Considering Alternatives to Bankruptcy – 3 Reasons Not to File

Explore Reasons Why Bankruptcy is Not Always the Best Choice, and Consider a Few Alternative to Bankruptcy that Might Just Apply to your Situation

When you are facing a large amount of debt that you can’t repay in the foreseeable future, bankruptcy can seem a tempting option. Bankruptcy is seen as a quick solution to your financial problems and a way to erase your debts and help you to start over. There are, however, several serious drawbacks to taking this course of action. Before you make up your mind to file for bankruptcy or not, you should be aware that there are alternatives. Let’s look at three reasons why declaring bankruptcy might not be such a great idea after all.

1. Bankruptcy Doesn’t Discharge All Debts

Many people mistakenly believe that when they declare bankruptcy they are no longer responsible for repaying any of their debts. When you file for Chapter 7 bankruptcy, many debts such as credit card debts are indeed dissolved. However, there are many categories of debt not covered as well. This includes taxes, student loans, mortgages, alimony and child support. If you have substantial debt in such areas, declaring bankruptcy may not be the panacea you hoped it would be.

2. Bankruptcy is Very Bad For Your Credit Score

Nothing is worse for your credit rating than bankruptcy. People facing massive debt often overlook this issue, feeling that it’s too late for them to worry about their credit rating anyway. This, however, is not necessarily the case. If you choose an alternative to bankruptcy, such as arranging a payment plan with your creditors, your credit score can be salvaged. A Chapter 7 bankruptcy, meanwhile, is listed on your credit report for ten years.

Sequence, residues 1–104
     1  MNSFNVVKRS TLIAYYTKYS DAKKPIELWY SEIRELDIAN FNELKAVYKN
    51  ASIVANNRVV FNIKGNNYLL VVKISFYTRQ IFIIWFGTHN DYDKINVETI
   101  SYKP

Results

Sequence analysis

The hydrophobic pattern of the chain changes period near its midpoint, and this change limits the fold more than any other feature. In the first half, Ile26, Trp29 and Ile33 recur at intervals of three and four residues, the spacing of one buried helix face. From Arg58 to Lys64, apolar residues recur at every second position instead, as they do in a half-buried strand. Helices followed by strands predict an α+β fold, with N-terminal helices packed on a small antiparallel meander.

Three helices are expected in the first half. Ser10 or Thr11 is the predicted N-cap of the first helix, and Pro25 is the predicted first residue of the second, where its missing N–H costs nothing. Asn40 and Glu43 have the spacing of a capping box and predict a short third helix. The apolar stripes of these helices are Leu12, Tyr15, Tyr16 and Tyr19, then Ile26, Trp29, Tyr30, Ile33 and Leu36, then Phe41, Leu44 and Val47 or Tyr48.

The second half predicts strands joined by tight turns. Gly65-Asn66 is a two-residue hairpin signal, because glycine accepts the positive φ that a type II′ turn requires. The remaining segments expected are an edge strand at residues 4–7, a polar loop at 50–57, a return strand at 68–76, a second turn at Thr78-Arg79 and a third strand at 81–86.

3. You May Lose Some Valuable Possessions

When you file for bankruptcy, you must list all of your assets, such as home, property, financial investments such as stocks, vehicles and any valuable collections or possessions. In most cases, you will be allowed to keep your primary home and vehicle, but you may be forced to liquidate other assets. If you have any possessions that you don’t want to part with, you should think very carefully before filing for bankruptcy.

Considering Alternatives to Bankruptcy

We’ve looked at some of the reasons why it’s not a good idea to file bankruptcy without giving the matter plenty of thought. There are alternatives to this that should be considered. Some of these alternatives include:

  • Raising money to pay your debts by selling off assets.
  • Borrowing money from a family member.
  • Cash out your retirement benefits such as a 401K.
  • Negotiate a settlement with your creditors to see if they are¬†willing to accept less than the full amount owed.
  • Arrange a payment plan with your creditors that’s realistic for you.

None of these alternatives is ideal, and each has its own disadvantages. Getting out of debt is a challenging situation no matter what option you choose. The best solution depends on your particular circumstances. In some cases, bankruptcy is indeed the best way to eliminate your debts. You should, however, not rush into this without plenty of research. It’s a good idea to get professional advice from an attorney who is knowledgeable in this area. Otherwise you may find that you get some unpleasant surprises after filing bankruptcy.